Sunday, May 17, 2015

[S1_20150516AELI] Apples and Pears on a Table?

Michael has enough money to buy either 12 pears or 36 apples. if he intends to buy equal number of pears and apple, how many of each fruit can he buy with the money

     This is an interesting algebra problem meant for secondary 1 students (» grade 7) that has the potential to lead to a system of complicated simultaneous equations in two variables.  Fortunately, there are some interesting and simpler approaches.  I present three of them below.

Solution 1 (using a Table and Unit Costs)

Solution 2 (Insight from proportion)
     This is perhaps the intended algebraic approach.  Observe that since  12 pears are as expensive as  36  apples,  1  pear is “equivalent” to  3  apples.  Michael’s budget is  36  apples-worth of money.  If there are  n  pears and  n  apples,  the  n  pears can be exchanged for  3n  apples.  We arrive at an equation as in solution  1.
Solution 3 (Acting it Out)
     You can role-play this with your friend using toy-fruits.  Your friend is the fruit-seller and you are the buyer.  No toy-fruits?  Well, use some counters, bottle caps, Lego bricks, ... whatever to represent the apples and pears.  If you are a lonely person, or if your friend is too busy, or your mother has thrown away all your toys since you are (sort of) more grown up already, maybe just do a thought experiment.  Imagine, at first, you took  36  apples to the check-out counter.  Then you saw some pears, and you grabbed  12 of them, ditching the apples.  You figure out that  1  pear is equivalent to  3  apples.  Just then, you change your mind.  You decide that you want an equal number of apple and pears.  OK, so you replace  1  pear with  3 apples.  You get  11  pears,  3  apples.  Keep on swapping pears for apples.   You get  10  pears,  6  apples.  Then  9  pears,  9 apples.  Bingo!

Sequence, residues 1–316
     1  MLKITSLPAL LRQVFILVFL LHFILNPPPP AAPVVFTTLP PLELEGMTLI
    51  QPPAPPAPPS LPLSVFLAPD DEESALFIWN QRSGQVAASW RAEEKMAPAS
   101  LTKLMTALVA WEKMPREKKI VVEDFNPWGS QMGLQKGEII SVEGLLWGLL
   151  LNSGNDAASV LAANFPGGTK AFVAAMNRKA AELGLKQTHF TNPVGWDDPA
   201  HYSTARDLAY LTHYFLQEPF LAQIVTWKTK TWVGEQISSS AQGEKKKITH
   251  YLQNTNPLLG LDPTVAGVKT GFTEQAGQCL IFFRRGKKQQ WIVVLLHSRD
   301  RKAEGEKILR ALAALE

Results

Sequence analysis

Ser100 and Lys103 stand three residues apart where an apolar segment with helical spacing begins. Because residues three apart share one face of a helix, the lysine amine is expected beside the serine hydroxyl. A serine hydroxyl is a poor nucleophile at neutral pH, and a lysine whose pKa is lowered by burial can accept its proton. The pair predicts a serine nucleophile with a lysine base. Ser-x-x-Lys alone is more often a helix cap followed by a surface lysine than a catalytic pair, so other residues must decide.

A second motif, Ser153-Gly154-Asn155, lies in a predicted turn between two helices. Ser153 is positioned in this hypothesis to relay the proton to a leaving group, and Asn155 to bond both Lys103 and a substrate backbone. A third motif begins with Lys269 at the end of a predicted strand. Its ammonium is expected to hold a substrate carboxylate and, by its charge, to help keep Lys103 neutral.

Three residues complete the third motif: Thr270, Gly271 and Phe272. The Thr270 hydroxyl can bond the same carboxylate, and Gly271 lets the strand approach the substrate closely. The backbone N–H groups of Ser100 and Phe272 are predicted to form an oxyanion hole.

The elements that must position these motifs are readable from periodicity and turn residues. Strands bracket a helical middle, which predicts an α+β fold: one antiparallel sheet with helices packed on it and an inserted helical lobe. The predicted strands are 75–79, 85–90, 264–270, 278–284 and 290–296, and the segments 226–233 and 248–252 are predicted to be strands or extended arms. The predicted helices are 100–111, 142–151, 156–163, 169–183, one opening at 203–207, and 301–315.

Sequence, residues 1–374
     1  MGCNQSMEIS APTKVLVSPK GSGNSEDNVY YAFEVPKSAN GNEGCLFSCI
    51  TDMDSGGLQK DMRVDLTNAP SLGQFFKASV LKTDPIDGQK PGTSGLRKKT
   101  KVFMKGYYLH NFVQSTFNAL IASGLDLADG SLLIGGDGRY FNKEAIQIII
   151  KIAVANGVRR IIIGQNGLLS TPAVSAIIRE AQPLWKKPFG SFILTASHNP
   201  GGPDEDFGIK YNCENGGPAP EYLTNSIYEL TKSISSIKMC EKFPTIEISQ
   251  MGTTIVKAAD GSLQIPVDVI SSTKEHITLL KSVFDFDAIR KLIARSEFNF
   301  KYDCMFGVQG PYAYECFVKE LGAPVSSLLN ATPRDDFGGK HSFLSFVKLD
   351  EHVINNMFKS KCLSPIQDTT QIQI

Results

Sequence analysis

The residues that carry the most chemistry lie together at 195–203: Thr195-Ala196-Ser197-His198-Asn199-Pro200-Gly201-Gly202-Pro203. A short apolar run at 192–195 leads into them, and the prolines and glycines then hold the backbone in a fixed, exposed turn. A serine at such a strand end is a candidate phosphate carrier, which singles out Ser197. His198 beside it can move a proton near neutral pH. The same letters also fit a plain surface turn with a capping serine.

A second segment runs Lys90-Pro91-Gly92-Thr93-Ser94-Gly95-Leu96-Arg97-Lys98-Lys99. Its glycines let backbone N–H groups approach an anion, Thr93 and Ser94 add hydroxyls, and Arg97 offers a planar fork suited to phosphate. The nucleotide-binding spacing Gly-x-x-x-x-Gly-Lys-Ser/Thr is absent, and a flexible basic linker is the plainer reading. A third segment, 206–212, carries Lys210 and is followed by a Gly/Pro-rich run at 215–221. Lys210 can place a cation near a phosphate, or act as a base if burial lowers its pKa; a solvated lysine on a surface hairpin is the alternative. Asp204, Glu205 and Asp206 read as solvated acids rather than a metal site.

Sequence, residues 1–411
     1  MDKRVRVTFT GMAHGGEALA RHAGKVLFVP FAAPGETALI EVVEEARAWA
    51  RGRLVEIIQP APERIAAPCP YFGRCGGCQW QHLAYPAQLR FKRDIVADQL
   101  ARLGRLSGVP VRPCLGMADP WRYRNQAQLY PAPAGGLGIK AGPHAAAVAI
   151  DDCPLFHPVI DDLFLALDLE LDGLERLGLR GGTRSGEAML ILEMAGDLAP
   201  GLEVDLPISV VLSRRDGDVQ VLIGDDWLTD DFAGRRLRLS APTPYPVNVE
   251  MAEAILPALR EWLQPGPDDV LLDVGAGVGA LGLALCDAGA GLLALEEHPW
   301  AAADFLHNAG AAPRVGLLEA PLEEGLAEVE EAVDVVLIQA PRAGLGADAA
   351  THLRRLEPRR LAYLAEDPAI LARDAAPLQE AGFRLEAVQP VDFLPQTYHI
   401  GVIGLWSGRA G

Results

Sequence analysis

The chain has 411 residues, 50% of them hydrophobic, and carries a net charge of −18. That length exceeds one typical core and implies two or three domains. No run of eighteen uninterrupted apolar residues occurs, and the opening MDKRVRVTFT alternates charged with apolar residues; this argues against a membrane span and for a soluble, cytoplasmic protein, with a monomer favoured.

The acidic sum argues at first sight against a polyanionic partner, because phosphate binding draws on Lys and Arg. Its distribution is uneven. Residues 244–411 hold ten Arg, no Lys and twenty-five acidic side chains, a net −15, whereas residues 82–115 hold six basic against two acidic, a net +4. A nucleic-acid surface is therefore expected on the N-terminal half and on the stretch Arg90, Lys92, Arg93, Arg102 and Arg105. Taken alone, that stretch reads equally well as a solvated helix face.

Final Remarks
     There is no magic potion for mathematics (although heuristics is a start).  There is also no one fixed method for you to memorise to solve problems.  As they say, you have more than one way to skin the cat.

H01. Act it out
H02. Use a diagram / model
H03. Make a systematic list
H04. Look for pattern(s)
H05. Work backwards
H06. Use before-after concept
H07. Use guess and check
H08. Make suppositions
H09. Restate the problem in another way
H13* Use Equation / write a Mathematical Sentence

Suitable Levels
Lower Secondary Mathematics (Secondary 1)
GCE ‘O’ Level “Elementary” Mathematics (revision)
* other syllabuses that involve ratios or algebra

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